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10 Chinese Crypto Twitter Terms
February 21st, 2022

Author: Matter (Twitter, @MatterTurbulent)

Editor: 0xAA  (Twitter, @0xAA_Science)

I can’t read Chinese characters so when I found myself on Chinese crypto Twitter I resorted to translation software. The result? I had know idea what was going on. Were people trading meme coins at the dinner table? Why so many vegetables and meat?

I went on a fact-finding mission, asking the community on Twitter and speaking with 0xAA, a co-contributor at the PeopleDAO. There is a wide world of web3 out there, but because communities operate in silos, we don’t learn each other’s unique terminology. This article will help guide you through conversation happening on Chinese crypto Twitter.

Many of the 10 terms relate to trading, which will interest traders in the audience. Sentiment changing in the markets signals to a trader when it’s smart to either buy or sell, international markets included. But folks passionate about building should find value in this article as well.

Web3 prides itself on aligning incentives. Speculative energy can (but not always) overlap with spaces where builders are active and exhibiting a promising narrative. Knowing these terms gives a small window into what crypto projects Chinese communities are excited about.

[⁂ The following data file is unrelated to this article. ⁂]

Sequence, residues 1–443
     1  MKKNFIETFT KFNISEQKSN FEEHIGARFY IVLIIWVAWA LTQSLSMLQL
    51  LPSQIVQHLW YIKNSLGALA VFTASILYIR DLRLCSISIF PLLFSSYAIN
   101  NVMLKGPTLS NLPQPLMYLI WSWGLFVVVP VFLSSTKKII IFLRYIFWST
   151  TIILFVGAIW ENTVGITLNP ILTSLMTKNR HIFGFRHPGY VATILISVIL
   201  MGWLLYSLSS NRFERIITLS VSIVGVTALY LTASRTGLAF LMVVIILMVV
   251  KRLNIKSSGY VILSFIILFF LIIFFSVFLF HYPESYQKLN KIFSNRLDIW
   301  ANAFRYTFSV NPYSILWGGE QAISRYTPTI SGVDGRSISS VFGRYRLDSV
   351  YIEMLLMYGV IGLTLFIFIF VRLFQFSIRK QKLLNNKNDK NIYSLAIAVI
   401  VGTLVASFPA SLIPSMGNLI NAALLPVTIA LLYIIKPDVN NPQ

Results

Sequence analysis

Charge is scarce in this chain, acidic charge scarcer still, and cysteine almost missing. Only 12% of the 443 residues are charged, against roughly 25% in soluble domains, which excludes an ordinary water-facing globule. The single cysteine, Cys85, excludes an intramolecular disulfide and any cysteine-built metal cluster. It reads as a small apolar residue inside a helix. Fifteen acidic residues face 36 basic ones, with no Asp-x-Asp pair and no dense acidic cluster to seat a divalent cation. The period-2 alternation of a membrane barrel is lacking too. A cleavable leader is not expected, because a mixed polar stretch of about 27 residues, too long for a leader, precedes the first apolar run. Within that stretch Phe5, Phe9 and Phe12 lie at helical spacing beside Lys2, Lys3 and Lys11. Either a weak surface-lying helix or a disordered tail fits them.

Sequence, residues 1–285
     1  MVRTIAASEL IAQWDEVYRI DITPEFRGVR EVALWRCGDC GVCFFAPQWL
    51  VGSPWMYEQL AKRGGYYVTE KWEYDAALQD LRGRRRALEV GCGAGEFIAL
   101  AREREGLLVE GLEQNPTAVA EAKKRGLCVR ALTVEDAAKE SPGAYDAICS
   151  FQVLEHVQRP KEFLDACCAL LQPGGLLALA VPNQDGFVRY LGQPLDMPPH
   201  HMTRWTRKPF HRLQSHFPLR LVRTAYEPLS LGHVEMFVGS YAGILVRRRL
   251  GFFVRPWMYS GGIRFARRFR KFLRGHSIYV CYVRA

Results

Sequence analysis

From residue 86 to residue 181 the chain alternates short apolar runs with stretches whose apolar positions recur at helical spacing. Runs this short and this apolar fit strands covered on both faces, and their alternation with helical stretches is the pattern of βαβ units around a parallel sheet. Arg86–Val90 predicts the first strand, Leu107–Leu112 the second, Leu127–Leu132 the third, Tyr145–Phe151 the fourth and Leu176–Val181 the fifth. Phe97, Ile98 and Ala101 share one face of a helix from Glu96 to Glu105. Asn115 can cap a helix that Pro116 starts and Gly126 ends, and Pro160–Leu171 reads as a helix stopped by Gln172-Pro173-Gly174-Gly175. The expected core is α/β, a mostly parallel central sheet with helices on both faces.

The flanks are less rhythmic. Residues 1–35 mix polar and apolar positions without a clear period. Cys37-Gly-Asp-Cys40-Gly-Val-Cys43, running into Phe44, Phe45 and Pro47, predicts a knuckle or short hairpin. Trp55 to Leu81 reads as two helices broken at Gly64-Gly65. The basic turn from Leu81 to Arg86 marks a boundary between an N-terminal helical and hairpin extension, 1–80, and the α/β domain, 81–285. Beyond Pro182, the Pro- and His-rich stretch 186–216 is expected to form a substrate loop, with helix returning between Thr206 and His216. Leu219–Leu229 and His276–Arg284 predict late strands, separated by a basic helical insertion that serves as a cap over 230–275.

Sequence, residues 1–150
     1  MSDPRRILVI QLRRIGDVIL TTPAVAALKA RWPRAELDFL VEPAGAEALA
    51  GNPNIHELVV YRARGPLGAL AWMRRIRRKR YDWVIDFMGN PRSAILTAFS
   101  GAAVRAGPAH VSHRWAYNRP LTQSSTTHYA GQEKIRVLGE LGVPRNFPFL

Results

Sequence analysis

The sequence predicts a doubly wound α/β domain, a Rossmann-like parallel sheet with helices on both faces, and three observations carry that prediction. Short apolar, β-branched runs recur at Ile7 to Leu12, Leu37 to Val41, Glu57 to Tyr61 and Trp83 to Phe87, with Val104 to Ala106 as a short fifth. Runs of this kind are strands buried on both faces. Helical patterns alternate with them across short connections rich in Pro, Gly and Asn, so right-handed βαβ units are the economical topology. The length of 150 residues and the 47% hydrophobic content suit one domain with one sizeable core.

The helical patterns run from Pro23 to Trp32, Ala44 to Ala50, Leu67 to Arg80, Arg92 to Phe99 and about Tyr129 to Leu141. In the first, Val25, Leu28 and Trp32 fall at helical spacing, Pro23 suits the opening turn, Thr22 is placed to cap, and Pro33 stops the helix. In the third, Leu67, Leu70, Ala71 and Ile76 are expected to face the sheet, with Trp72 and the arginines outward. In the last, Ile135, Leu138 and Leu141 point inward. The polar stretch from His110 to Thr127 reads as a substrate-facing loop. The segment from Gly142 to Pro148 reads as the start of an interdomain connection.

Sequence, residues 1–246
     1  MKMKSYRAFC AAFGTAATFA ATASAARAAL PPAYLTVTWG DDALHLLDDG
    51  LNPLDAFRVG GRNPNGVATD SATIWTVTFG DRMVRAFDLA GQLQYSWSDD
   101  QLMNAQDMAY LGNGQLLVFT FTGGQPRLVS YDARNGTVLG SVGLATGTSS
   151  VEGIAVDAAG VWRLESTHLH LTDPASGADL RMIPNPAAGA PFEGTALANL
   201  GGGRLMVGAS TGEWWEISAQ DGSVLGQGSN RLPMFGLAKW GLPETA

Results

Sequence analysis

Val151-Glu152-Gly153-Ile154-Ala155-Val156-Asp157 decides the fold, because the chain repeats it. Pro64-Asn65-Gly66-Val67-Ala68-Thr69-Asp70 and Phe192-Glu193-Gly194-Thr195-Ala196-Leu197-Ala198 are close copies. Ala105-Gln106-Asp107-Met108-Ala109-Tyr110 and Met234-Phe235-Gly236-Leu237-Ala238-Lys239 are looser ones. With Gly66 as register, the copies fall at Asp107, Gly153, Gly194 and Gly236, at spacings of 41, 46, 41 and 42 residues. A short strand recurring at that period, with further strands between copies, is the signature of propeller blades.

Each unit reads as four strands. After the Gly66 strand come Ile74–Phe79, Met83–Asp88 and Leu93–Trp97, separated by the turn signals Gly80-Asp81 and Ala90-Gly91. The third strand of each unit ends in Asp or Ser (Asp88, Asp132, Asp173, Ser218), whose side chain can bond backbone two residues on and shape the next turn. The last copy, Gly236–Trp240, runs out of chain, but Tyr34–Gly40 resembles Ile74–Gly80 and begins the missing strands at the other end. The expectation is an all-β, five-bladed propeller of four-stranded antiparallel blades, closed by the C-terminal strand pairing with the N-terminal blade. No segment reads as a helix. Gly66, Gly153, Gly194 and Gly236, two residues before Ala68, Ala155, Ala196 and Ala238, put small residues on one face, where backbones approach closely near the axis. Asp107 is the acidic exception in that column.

Intercultural exchange is essential to web3 fulfilling its promise of developing social systems which transcend nation states. I hope you take my efforts very seriously. Let’s start:

1) “Leek”

Someone on Twitter told me “Leek can strengthen kidney. To say that you are a leek means that you are very experienced. Every time you bought a coin, it’s price soared like taking aphrodisiacs.”

You may have guessed this definition of “leek” is not true. LOL.

The term leek refers to the small investor who provides exit liquidity to whales involuntarily. So long as the leek does not learn, it grows back and gets harvested again. This mirrors how the leek, a vegetable similar to chives or onions, gets harvested repeatedly.

“You are a pure leek”

2) “Cut the meat”

OK, so if cutting small vegetables is a bad thing then cutting meat must surely be a good thing, which is what I thought. After all, possessing meat has historically been seen as a symbol of affluence.

Nope. Cutting the meat is what you do when your investment declines and you lose faith in the outlook: sell your bags and realize the loss. The choice can be painful, like a cut on your hand, but sometimes it’s the right move.

“Have you cut the meat recently?”

3) “Milk”

To keep doing something that’s bringing you favorable results. English utilizes the term in a similar way, as seen in the idiom, “to milk a joke.” Chinese crypto twitter takes the concept a step further. When you shill a token and initially the price rises but then later crashes or rugs, that’s poison milk. Not all milk is the same.

“Elon milked Doge coin once again.”

4) “Bookmaker”